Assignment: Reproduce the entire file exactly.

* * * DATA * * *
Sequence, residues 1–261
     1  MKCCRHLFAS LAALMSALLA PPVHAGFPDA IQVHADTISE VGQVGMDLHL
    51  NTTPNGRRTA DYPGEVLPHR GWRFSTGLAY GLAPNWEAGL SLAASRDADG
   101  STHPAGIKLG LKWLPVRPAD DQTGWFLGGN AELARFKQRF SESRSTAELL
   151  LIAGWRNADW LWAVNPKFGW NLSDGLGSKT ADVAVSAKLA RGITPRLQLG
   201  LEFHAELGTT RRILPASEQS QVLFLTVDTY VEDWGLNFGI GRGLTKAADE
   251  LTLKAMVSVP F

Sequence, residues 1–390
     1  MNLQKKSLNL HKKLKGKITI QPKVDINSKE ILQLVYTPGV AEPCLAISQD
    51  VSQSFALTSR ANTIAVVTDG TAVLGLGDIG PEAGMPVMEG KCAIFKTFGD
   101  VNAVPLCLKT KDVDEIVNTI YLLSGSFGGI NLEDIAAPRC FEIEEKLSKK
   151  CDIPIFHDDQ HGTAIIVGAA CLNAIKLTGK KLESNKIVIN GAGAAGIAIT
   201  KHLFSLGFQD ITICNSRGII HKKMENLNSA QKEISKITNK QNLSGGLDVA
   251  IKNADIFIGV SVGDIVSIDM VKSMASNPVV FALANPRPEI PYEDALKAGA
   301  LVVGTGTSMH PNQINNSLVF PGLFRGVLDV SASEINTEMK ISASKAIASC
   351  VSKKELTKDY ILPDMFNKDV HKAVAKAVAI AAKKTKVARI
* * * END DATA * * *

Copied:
Sequence, residues 1–261
     1  MKCCRHLFAS LAALMSALLA PPVHAGFPDA IQVHADTISE VGQVGMDLHL
    51  NTTPNGRRTA DYPGEVLPHR GWRFSTGLAY GLAPNWEAGL SLAASRDADG
   101  STHPAGIKLG LKWLPVRPAD DQTGWFLGGN AELARFKQRF SESRSTAELL
   151  LIAGWRNADW LWAVNPKFGW NLSDGLGSKT ADVAVSAKLA RGITPRLQLG
   201  LEFHAELGTT RRILPASEQS QVLFLTVDTY VEDWGLNFGI GRGLTKAADE
   251  LTLKAMVSVP F

Sequence, residues 1–390
     1  MNLQKKSLNL HKKLKGKITI QPKVDINSKE ILQLVYTPGV AEPCLAISQD
    51  VSQSFALTSR ANTIAVVTDG TAVLGLGDIG PEAGMPVMEG KCAIFKTFGD
   101  VNAVPLCLKT KDVDEIVNTI YLLSGSFGGI NLEDIAAPRC FEIEEKLSKK
   151  CDIPIFHDDQ HGTAIIVGAA CLNAIKLTGK KLESNKIVIN GAGAAGIAIT
   201  KHLFSLGFQD ITICNSRGII HKKMENLNSA QKEISKITNK QNLSGGLDVA
   251  IKNADIFIGV SVGDIVSIDM VKSMASNPVV FALANPRPEI PYEDALKAGA
   301  LVVGTGTSMH PNQINNSLVF PGLFRGVLDV SASEINTEMK ISASKAIASC
   351  VSKKELTKDY ILPDMFNKDV HKAVAKAVAI AAKKTKVARI